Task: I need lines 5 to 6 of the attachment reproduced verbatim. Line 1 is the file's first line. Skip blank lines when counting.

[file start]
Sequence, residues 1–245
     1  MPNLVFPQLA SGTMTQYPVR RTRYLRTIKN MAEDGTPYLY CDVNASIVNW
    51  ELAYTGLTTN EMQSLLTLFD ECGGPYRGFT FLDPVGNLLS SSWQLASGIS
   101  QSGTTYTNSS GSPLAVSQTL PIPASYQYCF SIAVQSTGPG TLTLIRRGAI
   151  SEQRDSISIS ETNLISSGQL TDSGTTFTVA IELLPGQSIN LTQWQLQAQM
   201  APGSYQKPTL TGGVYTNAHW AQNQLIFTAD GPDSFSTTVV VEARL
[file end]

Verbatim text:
   151  SEQRDSISIS ETNLISSGQL TDSGTTFTVA IELLPGQSIN LTQWQLQAQM
   201  APGSYQKPTL TGGVYTNAHW AQNQLIFTAD GPDSFSTTVV VEARL